This year we have a Heritage Craft area, highlighting Makers of a different kind: People with traditional skills and expertise in fields that at one time were the cutting edge of technology, expanding trade and exploration, and improving life in myriad ways. One of these Heritage Crafters is Ellie Willingham unusual both for her skills, and for her gender in her field, which has traditionally been male dominated. Ms. Willingham’s exhibit was among our most popular last year, and this year she’s expanded her booth to offer a broader educational experience at Gulf Coast Maker Con 2014.
We asked her to tell more about what she does and why she does it. We hope you enjoy her insights as much as we did!
GCMC: What do you do?
FF: I am a furrier – I make all kinds of things out of fur! Everything from hats and other winter accessories, to costuming and re-enactment attire. I trap and process many of the furs myself, and others I obtain by trading with other trappers or fur crafters. I sell my furs at many local events and also online. Clients will also send me their own pelts to have made into a customized product of choice.
GCMC: How long have you been doing it?
FF: I skinned my first animal – a road killed squirrel – in my early teens and decided then I wanted to become a professional taxidermist. I did taxidermy for years until it later proved too costly to continue. So I switched to fur crafting and have enjoyed it ever since!
GCMC: What do you like about your work?
FF: I love fur crafting for countless reasons. There are so many beautiful and practical items that can be made from fur and leather, the possibilities are endless. I’m a very outdoorsy person, and during the winter I enjoy spending almost every morning out on my trapline (an area of woods set with a number of traps for furbearing species) I have a deep respect for these animals and all they provide. I use their fur, eat their meat, and take to heart everything I can learn from tracking and observing them in their habitats. For me, it is a very natural way of being.
GCMC: Why do you think what you do is important?
FF: Much of what I do tends to get a bad rap from the media and the animal rights communities, mainly because people simply don’t understand it or have no real experience with it. And people often fear or dislike what they don’t understand. So by openly sharing my craft and teaching others about what I do, it will help the general public gain a better knowledge of this trade and to understand that it’s not all about “killing”. More so, it’s about responsibly utilizing and managing our natural resources, and preserving a traditional way of life.
Natural fur is a very renewable resource. Animals reproduce constantly, and they produce an excess in order to keep their populations stable. However if the excess is not kept in check, either through natural depredation or human harvests, many species will begin to overpopulate, which inevitably leads to spread of disease or inbreeding. In some areas where there are little or no natural predators, hunting and trapping is the most effective means of managing prolific species such as raccoons, coyotes, foxes, beavers, opossums and others.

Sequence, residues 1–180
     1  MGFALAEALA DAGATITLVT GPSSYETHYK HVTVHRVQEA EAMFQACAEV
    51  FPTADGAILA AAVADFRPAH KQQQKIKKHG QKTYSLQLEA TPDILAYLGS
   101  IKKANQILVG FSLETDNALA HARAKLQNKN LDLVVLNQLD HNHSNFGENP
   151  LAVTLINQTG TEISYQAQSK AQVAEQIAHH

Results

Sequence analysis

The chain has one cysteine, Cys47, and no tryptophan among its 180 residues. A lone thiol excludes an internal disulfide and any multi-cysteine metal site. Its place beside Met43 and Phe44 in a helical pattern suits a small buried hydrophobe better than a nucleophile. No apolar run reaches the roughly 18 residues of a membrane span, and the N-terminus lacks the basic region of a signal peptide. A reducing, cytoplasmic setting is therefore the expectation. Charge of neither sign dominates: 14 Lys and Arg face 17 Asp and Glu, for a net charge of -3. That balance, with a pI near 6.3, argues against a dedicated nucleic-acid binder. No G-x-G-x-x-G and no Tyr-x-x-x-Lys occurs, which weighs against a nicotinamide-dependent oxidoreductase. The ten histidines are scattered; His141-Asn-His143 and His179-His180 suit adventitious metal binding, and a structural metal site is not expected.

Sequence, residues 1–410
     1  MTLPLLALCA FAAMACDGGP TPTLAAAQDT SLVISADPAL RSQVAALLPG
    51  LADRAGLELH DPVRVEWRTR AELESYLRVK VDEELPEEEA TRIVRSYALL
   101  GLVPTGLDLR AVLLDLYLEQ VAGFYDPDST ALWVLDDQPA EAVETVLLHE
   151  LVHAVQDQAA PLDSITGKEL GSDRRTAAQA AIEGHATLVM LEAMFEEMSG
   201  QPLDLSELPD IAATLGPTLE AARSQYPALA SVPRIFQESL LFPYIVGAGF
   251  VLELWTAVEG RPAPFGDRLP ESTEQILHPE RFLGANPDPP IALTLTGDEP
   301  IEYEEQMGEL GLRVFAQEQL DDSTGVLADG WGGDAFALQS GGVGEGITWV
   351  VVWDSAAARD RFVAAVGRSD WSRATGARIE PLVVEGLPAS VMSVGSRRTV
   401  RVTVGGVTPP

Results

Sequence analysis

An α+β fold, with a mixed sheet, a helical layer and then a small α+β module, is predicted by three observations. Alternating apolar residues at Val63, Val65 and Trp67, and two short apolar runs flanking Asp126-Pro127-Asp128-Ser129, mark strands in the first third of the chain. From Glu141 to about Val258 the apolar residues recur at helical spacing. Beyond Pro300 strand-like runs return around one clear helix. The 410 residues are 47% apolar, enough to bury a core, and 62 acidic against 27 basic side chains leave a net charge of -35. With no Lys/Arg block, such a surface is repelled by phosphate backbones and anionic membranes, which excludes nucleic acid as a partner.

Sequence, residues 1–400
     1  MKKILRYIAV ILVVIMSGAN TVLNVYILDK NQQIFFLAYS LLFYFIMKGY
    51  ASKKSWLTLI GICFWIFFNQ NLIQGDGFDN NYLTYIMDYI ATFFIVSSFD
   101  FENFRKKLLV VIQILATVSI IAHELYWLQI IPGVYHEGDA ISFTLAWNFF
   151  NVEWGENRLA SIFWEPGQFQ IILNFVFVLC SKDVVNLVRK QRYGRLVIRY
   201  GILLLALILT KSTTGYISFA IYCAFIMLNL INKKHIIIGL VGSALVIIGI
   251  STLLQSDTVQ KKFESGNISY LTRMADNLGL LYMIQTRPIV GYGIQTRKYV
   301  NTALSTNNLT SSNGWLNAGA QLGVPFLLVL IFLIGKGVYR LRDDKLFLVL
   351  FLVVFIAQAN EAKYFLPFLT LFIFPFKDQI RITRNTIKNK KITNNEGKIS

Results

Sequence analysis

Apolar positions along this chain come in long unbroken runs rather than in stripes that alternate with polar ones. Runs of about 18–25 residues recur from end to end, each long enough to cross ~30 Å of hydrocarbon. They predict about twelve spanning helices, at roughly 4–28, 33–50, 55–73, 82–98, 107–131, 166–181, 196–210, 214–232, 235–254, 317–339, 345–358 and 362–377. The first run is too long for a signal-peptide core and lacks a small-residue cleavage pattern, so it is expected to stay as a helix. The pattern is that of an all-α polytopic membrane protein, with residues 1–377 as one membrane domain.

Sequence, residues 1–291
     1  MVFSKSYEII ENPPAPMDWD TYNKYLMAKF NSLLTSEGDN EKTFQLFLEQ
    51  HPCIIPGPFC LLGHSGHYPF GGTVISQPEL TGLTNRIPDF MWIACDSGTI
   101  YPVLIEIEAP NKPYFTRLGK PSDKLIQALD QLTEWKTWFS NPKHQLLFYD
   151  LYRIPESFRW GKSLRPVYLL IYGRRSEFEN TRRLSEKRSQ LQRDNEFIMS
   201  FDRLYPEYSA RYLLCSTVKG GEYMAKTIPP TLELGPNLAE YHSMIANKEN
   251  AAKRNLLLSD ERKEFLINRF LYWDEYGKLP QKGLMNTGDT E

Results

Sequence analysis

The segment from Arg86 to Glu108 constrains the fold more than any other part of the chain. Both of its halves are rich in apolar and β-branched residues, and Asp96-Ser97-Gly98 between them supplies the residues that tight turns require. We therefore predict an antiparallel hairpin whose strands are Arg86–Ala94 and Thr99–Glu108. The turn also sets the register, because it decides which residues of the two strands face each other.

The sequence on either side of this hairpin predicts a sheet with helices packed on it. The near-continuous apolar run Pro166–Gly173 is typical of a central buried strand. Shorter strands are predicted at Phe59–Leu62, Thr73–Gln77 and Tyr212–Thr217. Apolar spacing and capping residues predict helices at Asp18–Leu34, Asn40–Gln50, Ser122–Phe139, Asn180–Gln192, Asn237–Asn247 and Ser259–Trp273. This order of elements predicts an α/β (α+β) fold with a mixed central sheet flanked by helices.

Also, real fur is a completely natural and biodegradable product, even when processed and tanned. If discarded in a landfill, a piece of real fur or leather will eventually break down and disintegrate from the weather. Faux fur on the other hand, as well as synthetic leathers, are comprised of man-made materials, typically containing petroleum and plastics, which will never decompose in our lifetimes.
GCMC: The “Maker”community is often equated with high tech topics, but we believe the makers of heritage traditions are equally important. Why do you think what you do and make has value to the DIY community?
FF: In this high-tech world, I think it’s very important for people to see the simpler side of things, to know that many traditional methods and crafts still exist and are still being used today because of their timeless reliability. The only way we can pass on these heritage traditions, and to keep them going, is to expose and teach them to our future generations.
GCMC: What kind of demonstrations will you be doing at GCMC?
I will be demonstrating how to process fur from start to finish, and will also give a few tips on how to properly prepare wild game meat. Using a freshly harvested raccoon and opossum, I will show how to skin these animals and dress the meat, then get the pelts prepared for tanning. You will also get to try a taste of my special raccoon jerky!
GCMC: Will you have any interactive components?
I will have a “touch table” with all kinds of fur pelts and examples of products that I’ve made out of fur, along with the above-mentioned samples of raccoon jerky for anyone to try. It’s surprisingly tasty!